But a new comment isn’t likely to help his efforts to appeal to women voters: Akin noted that his opponent, Democratic Sen. Claire McCaskill, was more “ladylike” during the 2006 campaign.

Oh good, Todd Akin wants to present himself as the arbiter of whether women are, in his estimation, “ladylike” enough to meet his discerning standards.

In this case, Akin told the Kansas City Star that McCaskill, as far as he’s concerned, “had a confidence and was much more ladylike” six years ago.

And what do Akin’s new-found friends at the National Republican Senatorial Committee and the Republican National Committee have to say about this. “Decline to comment.”

Imagine that.

By: Steve Benen, The Maddow Blog, September 27, 2012

September 28, 2012 Posted by | Election 2012 | , , , , , , , , | 2 Comments

The Anti-Woman Party”: GOP Candidates Feeling Pressure From NRSC’s Flirtation With Todd Akin

Yesterday, the National Republican Senatorial Committee announced in a statement that it might yet fund the candidacy of Representative Todd Akin as he tries to unseat Senator Claire McCaskill in Missouri. “As with every Republican Senate candidate, we hope Todd Akin wins in November and we will continue to monitor this race closely in the days ahead,” said NRSC executive director Rob Jesner. (In August, the NRSC claimed that “if [Akin] continues with this misguided campaign, it will be without the support and resources of the NRSC.”)

Will the NRSC actually go through with this, and thus likely bring American Crossroads and other big-money outside groups into the fray? I reasoned yesterday that this won’t happen, because (1) Akin probably can’t win, so this would be a waste of resources, and (2) it would tar other Republican candidates also funded by these groups.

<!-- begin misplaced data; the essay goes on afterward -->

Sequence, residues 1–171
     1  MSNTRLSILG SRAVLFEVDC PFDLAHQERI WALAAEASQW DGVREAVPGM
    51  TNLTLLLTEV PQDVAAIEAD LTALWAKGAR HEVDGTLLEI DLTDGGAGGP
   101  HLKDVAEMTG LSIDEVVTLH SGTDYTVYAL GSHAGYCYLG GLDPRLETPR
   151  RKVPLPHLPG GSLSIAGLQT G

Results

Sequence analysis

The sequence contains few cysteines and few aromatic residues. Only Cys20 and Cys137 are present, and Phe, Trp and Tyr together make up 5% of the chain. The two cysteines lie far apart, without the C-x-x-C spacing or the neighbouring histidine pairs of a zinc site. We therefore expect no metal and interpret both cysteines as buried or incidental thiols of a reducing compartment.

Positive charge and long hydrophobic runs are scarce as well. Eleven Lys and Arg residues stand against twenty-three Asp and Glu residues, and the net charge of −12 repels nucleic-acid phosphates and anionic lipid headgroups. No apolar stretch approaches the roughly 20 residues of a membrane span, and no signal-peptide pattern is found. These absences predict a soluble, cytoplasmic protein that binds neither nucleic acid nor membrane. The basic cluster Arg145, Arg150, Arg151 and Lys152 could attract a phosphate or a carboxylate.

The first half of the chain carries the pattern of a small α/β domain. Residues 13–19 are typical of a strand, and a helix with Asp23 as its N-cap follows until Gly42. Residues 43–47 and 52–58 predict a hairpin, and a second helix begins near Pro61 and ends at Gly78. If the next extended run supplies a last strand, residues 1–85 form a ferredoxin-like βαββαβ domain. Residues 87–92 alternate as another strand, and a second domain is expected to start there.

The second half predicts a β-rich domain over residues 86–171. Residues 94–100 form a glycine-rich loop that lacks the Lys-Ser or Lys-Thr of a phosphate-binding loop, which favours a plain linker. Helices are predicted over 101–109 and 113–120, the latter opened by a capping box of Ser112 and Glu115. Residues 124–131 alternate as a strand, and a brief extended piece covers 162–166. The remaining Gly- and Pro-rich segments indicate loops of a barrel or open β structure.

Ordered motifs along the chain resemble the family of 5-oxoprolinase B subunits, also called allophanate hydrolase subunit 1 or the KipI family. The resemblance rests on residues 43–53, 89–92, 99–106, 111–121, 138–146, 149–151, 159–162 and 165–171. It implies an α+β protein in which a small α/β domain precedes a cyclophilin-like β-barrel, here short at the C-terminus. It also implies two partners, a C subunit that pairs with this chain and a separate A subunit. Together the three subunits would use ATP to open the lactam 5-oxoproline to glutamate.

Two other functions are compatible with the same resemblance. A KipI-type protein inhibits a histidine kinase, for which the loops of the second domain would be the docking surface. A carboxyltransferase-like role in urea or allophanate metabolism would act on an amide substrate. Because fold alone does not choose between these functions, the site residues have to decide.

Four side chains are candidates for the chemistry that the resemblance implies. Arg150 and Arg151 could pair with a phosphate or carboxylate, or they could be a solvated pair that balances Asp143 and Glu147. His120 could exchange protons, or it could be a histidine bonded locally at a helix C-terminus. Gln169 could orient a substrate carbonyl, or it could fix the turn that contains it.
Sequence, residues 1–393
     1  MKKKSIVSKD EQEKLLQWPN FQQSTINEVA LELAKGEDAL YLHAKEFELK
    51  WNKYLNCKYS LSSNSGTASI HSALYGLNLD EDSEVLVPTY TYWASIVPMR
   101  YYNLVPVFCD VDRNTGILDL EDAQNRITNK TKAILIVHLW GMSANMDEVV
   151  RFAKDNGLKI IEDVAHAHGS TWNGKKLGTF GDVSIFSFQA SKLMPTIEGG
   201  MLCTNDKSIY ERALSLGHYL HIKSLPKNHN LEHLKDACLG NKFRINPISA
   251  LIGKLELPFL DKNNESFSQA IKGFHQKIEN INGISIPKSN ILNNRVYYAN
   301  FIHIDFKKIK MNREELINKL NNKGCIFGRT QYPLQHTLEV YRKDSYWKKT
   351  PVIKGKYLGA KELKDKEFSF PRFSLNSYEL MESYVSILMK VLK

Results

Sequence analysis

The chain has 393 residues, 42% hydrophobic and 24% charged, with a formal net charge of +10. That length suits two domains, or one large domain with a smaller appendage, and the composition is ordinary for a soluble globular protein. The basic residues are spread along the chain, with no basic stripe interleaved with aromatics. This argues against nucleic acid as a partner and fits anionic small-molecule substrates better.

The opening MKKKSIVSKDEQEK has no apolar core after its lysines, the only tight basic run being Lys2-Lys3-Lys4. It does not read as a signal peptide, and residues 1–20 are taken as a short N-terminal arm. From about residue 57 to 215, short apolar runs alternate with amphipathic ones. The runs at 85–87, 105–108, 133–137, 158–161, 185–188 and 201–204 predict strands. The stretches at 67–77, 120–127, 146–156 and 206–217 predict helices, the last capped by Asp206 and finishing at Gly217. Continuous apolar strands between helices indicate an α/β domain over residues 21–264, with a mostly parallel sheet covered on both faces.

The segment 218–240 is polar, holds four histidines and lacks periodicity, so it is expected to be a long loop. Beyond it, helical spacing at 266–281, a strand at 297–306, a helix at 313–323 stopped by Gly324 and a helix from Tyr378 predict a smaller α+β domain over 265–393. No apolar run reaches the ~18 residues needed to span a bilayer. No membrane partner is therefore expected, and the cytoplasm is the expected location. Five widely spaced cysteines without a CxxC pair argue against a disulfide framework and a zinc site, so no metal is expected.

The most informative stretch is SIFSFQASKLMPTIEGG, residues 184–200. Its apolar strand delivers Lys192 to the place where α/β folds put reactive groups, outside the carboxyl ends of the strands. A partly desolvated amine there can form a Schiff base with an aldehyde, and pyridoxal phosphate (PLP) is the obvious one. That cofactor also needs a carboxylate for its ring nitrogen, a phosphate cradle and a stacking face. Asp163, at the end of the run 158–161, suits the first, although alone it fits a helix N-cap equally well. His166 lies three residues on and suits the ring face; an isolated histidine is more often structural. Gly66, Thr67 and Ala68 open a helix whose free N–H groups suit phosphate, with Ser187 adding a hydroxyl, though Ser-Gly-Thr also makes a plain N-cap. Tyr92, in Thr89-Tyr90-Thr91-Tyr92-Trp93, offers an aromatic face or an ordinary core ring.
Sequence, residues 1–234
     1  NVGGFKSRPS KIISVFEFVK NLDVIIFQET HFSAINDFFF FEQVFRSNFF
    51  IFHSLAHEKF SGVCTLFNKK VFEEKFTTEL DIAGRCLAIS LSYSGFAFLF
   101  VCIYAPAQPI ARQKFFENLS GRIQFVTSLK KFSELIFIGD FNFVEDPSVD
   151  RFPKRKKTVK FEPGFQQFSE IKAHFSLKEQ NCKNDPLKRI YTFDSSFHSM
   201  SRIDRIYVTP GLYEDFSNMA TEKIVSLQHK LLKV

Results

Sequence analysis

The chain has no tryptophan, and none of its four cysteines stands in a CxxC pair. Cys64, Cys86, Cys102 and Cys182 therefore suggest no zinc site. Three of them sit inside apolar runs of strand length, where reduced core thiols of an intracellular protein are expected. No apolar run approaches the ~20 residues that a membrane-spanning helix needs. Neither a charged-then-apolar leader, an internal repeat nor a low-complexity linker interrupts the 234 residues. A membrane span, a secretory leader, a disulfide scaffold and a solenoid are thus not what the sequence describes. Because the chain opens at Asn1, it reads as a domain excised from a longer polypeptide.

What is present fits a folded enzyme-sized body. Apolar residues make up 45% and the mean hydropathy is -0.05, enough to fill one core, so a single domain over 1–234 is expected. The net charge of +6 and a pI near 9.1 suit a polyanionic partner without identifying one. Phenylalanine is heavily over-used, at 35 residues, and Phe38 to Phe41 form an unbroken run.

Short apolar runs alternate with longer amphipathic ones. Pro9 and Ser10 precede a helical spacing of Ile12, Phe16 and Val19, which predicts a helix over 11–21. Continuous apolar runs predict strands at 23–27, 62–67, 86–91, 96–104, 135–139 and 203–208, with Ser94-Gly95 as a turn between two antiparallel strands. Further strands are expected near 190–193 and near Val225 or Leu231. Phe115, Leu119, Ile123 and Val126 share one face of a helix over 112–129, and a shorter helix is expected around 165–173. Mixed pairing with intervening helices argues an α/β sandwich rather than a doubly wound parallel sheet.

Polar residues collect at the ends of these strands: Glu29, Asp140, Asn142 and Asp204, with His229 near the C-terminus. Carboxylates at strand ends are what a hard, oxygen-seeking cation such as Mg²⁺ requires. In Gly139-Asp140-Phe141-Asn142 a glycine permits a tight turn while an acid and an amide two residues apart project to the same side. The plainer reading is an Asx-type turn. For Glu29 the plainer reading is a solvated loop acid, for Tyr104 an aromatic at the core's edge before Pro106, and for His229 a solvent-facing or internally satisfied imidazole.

The NRSC’s flip may indicate it has some data showing Akin can actually prevail, a worrying thought indeed. But make no mistake—if the NRSC does jump in behind Akin again, it will create enormous pressure on several Republicans running for Senate, particularly incumbents.

As soon as the NRSC statement went out yesterday afternoon, Democrats began the inevitable guilt-by-association campaign. “All Republican candidates across the country are now going to have to answer for their party’s support of Akin,” said Senator Patty Murray, chair of the Democratic Senatorial Campaign Committee. “In case you were wondering whether the Republican party was anti-woman, now you know…they are,” tweeted Matt Canter, the group’s communications director.

Today, the DSCC found an ingenious and more direct way to implicate some incumbent Republican Senatorial candidates in the Akin fiasco, particularly Senator Scott Brown. It’s common for high-profile senators to raise money for the NRSC, in part so that it may help fund the candidacies of lower-profile challengers. (Like, say, Akin). The DSCC noted today that Brown has helped raise a whopping $3.7 million for the NRSC this cycle.

Since Brown previously called Akin’s comments “outrageous, inappropriate, and wrong,” and asked him to withdraw from the Senate race, the DSCC is calling on Brown to get his money back from the NRSC and denounce Akin once again:

“There should be no doubt that a vote for Scott Brown is also a vote for an anti-woman party that supports extremists like Todd Akin,” said Guy Cecil, Executive Director for the Democratic Senatorial Campaign Committee. “Todd Akin’s views represent the official position of the Republican Party, and a vote for Brown is a vote to inflict that anti-woman agenda on the entire country. Brown’s silence speaks volumes. Brown should immediately demand his money back and renounce the party’s decision to embrace Todd Akin.”

Renouncing Akin again might be easy for Brown—though he hasn’t yet done it—but asking for that large chunk of money back won’t be. And if Brown doesn’t, Elizabeth Warren can now fairly say Brown helped fund Akin’s candidacy. This is an incredibly tough position for Brown, and it’s a squeeze likely to be put on other candidates in the days ahead if the NRSC actually pulls the trigger. (The DSCC is similarly targeting Nevada Senator Dean Heller, too, as he’s locked in a tight re-election battle and also raised money for the NRSC).

The NRSC might still back Akin, but the polls will have to look awful, awful good—because it’s making life a lot more difficult for a number of other candidates who still have a chance to win.

By: George Zornick, The Nation, September 27, 2012

September 28, 2012 Posted by | Election 2012, Senate | , , , , , , , | 1 Comment